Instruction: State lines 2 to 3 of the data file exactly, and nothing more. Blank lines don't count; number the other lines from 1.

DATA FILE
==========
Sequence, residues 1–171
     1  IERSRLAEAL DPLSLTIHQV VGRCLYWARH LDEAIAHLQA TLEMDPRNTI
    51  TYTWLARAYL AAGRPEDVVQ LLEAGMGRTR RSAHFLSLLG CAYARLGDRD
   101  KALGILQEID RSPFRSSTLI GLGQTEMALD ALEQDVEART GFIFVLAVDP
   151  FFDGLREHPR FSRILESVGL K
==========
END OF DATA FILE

     1  IERSRLAEAL DPLSLTIHQV VGRCLYWARH LDEAIAHLQA TLEMDPRNTI
    51  TYTWLARAYL AAGRPEDVVQ LLEAGMGRTR RSAHFLSLLG CAYARLGDRD